“In hindsight George’s story seems highly implausible, the feverish imagining of a vengeful mother and stepson newly reunited,” argues a Rendell defender who situates the Morris household’s catastrophe amid a wider social panic over the corruption of Perth’s feminine mores, embracing everything from prostitution to baby farming.

The horrific caustic action of hydrochloric acid was not the sort of stealthy killer chosen by poisoners nor did it fit with the gradual wasting noted by the children’s doctor. And how could the woman have forced a youth of fifteen to submit to such cruelty? If Rendell had used diluted solutions of the acid (and it came to light after the trial that this was a home remedy used as a mild antiseptic and sometimes applied to the throat to treat diphtheria) then how had this uneducated woman calibrated the children’s dosages to create symptoms to fool Perth’s most respected doctors?

The strength of feeling bordering on mass hysteria that lay at the heart of public frenzy about this woman was exhibited in the shrill crowds of Perth women demanding her hanging and worse. Some women even invaded the Morris cottage when it was opened up to auction the contents and souvenired every household item, even the auctioneer’s hat so that only ten pounds were raised for the couple’s legal defence.

Little concrete evidence was ever produced against her — was it thanks to that aborted autopsy? — but neighbors grown prejudiced against the scarlet villainess would color remembrances of her conduct in testimony that also told on themselves as peeping toms: this time a failure to nurture and that time a glow of outright pleasure at a crying child.

Much subtext surfaced in text. The arresting officer noted her “delighted in seeing her victims writhe in agony, and from it derived sexual satisfaction.” One appalling newspaper editorial reviled her as “a type that is seldom encountered in English speaking races … she represents a reversion to the primitive stage of humanity when destructive proclivities are uppermost. Like aboriginals, the Martha Rendells of this world must kill.” It was scarcely a novel formula for anathematizing the female criminal.

It was only Arthur for whom she was formally condemned but after the five-day trial she was popularly understood as responsible for all three of her dead stepchildren. But not all the public, for a vigorous albeit unsuccessful clemency campaign specifically citing doubts about the case’s evidence grew around her during her few short weeks awaiting the gallows. Those doubts have never since been categorically dispelled.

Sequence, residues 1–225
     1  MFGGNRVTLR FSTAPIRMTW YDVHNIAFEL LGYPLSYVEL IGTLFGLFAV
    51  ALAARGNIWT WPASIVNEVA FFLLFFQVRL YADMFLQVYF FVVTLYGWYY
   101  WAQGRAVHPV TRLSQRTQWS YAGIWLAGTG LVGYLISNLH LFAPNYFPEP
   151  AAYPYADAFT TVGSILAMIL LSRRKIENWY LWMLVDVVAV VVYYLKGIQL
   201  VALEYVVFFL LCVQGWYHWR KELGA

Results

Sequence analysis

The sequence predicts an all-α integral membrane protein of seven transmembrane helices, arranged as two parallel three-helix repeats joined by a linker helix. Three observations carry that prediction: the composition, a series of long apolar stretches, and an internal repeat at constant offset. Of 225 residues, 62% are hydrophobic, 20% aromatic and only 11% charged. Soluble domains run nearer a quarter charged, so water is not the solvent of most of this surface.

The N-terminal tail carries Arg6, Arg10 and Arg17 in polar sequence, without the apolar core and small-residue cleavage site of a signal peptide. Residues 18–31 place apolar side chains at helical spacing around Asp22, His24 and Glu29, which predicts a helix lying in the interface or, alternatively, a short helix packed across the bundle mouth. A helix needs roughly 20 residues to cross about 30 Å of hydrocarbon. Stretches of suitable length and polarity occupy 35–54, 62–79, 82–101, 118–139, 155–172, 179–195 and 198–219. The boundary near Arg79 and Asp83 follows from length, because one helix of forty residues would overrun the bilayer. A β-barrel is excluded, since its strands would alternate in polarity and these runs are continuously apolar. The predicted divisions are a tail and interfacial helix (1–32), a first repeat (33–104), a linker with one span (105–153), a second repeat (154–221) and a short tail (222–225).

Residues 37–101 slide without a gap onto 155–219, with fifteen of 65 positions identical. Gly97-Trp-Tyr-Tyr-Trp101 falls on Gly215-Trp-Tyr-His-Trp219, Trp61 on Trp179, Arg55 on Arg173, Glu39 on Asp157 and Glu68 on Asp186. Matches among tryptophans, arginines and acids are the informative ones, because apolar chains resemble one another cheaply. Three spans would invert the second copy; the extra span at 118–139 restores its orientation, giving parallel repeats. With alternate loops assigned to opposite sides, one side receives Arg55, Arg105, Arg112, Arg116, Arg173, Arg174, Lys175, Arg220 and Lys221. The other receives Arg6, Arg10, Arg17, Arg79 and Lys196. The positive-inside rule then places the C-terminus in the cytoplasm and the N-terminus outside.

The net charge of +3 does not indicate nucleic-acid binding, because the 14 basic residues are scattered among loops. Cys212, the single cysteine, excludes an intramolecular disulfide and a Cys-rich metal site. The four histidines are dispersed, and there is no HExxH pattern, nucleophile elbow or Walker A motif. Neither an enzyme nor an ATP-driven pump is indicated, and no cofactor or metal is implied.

Legend holds that Martha Rendell still haunts Fremantle Prison where she hanged, in the form of a ghostly apparition of her face peering out from a stained-glass window.

* There were five children still in the house. Thomas Morris also had four older children, making nine total.

** Martha Rendell had also fallen ill during the course of treating her children. This of course was read by prosecutors as a feint to deflect suspicion.

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Entry Filed under: 20th Century,Australia,Capital Punishment,Common Criminals,Crime,Death Penalty,Execution,Hanged,History,Milestones,Murder,The Supernatural,Women,Wrongful Executions

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1836: Two English poisoners

Add comment April 9th, 2018 Headsman

On this date in 1836, two different Englishwomen hanged in Gloucester and Liverpool for seeing off their respective husbands with arsenic.

They’re the subjects of an excellent pair of posts by Naomi Clifford, author of such topical-to-Executed Today fare as Women and the Gallows, 1797-1837 and The Murder of Mary Ashford: The Crime that Changed English Legal History, which concerns the long overdue abolition of juridical trial by combat in Great Britain … after an accused murderer used this artifact to escape prosecution in 1817.

Here’s Clifford on our poisoners, bound for separate gallows on April 9, 1836:

Clifford makes a triptych here with a third post about yet another poisoner who shared the same fate five days later.

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Entry Filed under: 19th Century,Capital Punishment,Common Criminals,Crime,Death Penalty,England,Execution,Hanged,History,Murder,Public Executions,Women